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« Reply #33 - Posted 2009-10-27 02:19:00 »

The only way I can think of improving upon this would be to eliminate the spawning of the Thread (along with Runnable interface and run() method).

Instead, you use the EDT to perform your animation loop by calling repaint() at the end of your overridden paint(Graphics) method.

It might work..... though you'd have to work out a way of throttling the frame time without halting the EDT for too long.
And you might run into problems with outside events interrupting the repaint cycle....
Big downside though is that you have to store all of your state in member variables rather than locals.

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Offline Alan_W

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« Reply #34 - Posted 2009-10-27 06:53:52 »

I don't think you need to implement any of the Applet signalling methods start(), init(), stop() or destroy().

Ingenious , although I suspect that if you navigate away from the page  and then back again, you might get a blank page, as the 'run' thread will have terminated, but the applet may still be loaded.  Of course one could just leave the thread running, but I guessing it might not stop until the browser was shut down.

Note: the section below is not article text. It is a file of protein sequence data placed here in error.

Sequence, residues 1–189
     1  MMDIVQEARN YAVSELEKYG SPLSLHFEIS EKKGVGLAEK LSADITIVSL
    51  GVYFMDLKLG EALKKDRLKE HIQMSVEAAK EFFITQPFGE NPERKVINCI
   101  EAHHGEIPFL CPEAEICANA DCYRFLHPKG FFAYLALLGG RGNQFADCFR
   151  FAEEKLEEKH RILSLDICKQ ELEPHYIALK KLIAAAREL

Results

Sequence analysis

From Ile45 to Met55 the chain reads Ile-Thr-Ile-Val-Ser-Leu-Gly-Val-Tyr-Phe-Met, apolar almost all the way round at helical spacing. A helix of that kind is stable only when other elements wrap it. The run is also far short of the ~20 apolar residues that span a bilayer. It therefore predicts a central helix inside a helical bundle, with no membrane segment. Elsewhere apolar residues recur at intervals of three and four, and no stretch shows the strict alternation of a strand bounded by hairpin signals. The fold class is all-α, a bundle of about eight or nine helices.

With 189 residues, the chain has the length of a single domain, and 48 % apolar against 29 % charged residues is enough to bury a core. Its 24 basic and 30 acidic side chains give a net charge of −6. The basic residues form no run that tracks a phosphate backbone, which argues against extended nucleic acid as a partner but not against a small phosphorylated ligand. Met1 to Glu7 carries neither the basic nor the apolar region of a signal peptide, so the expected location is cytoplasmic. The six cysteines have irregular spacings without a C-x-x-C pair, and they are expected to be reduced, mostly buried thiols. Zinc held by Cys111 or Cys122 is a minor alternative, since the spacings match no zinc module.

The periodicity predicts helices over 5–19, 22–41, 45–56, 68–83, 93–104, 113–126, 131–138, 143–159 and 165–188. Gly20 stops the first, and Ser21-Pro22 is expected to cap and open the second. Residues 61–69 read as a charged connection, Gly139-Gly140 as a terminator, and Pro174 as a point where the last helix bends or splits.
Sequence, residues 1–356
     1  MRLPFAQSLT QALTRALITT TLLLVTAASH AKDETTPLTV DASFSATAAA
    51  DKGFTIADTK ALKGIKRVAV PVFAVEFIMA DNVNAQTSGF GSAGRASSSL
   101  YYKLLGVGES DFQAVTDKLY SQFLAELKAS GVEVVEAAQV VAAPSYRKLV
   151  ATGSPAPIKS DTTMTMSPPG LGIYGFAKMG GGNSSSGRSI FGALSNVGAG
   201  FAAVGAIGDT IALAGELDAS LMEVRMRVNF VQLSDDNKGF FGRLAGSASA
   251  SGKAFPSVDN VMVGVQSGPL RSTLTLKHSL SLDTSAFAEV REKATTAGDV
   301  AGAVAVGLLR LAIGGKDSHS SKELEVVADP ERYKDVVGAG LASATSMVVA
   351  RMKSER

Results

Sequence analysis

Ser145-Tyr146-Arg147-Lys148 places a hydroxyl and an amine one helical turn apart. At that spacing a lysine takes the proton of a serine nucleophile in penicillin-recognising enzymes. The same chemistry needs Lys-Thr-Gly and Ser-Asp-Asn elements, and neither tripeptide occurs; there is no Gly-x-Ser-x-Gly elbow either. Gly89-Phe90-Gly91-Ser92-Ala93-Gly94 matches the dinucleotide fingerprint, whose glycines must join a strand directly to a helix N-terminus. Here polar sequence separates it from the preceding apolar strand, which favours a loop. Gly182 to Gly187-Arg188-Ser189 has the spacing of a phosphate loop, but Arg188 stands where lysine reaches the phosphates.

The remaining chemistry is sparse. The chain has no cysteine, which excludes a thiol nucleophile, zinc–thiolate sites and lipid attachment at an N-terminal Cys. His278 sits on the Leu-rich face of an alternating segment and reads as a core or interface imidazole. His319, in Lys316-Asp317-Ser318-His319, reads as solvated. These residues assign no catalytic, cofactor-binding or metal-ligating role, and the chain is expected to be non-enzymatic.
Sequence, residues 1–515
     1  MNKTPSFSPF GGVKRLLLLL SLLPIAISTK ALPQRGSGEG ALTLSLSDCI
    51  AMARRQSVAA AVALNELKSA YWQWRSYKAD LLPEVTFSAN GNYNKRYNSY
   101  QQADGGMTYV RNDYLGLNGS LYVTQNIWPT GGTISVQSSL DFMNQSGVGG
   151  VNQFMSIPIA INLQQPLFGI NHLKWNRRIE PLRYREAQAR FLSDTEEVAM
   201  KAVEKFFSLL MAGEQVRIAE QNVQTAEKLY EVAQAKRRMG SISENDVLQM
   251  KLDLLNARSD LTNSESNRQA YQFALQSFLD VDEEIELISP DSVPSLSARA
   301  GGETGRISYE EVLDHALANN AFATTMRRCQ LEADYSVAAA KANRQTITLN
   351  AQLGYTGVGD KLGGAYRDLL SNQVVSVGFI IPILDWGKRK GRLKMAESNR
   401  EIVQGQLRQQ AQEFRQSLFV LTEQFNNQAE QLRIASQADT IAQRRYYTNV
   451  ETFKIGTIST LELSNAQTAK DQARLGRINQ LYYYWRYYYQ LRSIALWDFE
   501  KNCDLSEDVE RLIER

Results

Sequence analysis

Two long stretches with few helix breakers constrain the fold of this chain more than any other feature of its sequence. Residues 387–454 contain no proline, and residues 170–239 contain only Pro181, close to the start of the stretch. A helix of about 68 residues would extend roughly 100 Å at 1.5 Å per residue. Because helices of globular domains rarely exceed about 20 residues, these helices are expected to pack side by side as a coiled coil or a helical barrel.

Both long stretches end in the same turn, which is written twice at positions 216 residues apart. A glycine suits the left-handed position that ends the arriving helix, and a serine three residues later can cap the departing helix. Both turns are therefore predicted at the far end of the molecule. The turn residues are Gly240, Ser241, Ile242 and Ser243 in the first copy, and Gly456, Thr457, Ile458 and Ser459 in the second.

Alan

Time flies like a bird. Fruit flies like a banana.
Offline kappa
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« Reply #35 - Posted 2009-10-27 07:05:12 »

Ingenious , although I suspect that if you navigate away from the page  and then back again, you might get a blank page, as the 'run' thread will have terminated, but the applet may still be loaded.  Of course one could just leave the thread running, but I guessing it might not stop until the browser was shut down.

Alan


you could also just use the seperate_jvm parameter so (at least on the new applet plugin) every time you visit the applet it'll be in a different vm.
Offline pjt33
« Reply #36 - Posted 2009-10-27 08:39:06 »

Instead, you use the EDT to perform your animation loop by calling repaint() at the end of your overridden paint(Graphics) method.
You'd have to mark the whole applet as dirty as well, wouldn't you?
Offline Markus_Persson

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Mojang Specifications


« Reply #37 - Posted 2009-10-27 09:15:32 »

I don't think you need to implement any of the Applet signalling methods start(), init(), stop() or destroy().

Spawn the Thread in the constructor.
As you always have a constructor (even if none is declared), you might as well make use of the method signature being in the constants pool.
Then, just use isActive() to control the behaviour of the Thread.

I wouldn't recommend this, since the applet would only be able to run once.

Play Minecraft!
Offline Abuse

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« Reply #38 - Posted 2009-10-27 10:32:50 »

Ingenious , although I suspect that if you navigate away from the page  and then back again, you might get a blank page, as the 'run' thread will have terminated, but the applet may still be loaded.  Of course one could just leave the thread running, but I guessing it might not stop until the browser was shut down.